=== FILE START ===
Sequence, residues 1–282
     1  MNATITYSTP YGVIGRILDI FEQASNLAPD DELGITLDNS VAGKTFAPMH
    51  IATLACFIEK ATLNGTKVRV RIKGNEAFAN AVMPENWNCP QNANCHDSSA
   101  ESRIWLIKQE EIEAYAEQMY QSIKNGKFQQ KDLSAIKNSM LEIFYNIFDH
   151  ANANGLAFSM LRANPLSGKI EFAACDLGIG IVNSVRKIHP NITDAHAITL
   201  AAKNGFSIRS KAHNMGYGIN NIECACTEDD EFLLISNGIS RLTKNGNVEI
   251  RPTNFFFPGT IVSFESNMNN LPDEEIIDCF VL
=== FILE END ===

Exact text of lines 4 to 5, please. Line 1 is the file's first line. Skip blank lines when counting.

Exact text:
   101  ESRIWLIKQE EIEAYAEQMY QSIKNGKFQQ KDLSAIKNSM LEIFYNIFDH
   151  ANANGLAFSM LRANPLSGKI EFAACDLGIG IVNSVRKIHP NITDAHAITL